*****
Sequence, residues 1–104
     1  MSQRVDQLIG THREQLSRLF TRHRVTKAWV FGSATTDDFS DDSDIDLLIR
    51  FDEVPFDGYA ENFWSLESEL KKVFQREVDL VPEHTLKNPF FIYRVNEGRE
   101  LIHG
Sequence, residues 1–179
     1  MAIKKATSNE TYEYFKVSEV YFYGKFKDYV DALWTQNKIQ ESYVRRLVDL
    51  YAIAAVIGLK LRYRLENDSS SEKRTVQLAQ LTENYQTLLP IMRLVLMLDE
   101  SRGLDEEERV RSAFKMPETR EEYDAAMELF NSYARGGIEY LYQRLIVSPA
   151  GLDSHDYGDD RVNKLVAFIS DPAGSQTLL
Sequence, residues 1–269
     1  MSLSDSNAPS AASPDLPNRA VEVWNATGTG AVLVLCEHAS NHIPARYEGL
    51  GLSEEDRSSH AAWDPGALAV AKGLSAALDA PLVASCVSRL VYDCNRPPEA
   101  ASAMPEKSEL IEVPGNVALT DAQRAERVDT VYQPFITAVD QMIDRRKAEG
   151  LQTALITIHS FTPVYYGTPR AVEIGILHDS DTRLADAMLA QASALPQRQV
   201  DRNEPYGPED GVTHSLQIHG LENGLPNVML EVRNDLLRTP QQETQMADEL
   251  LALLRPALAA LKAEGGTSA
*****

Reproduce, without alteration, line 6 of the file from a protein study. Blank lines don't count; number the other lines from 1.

     1  MAIKKATSNE TYEYFKVSEV YFYGKFKDYV DALWTQNKIQ ESYVRRLVDL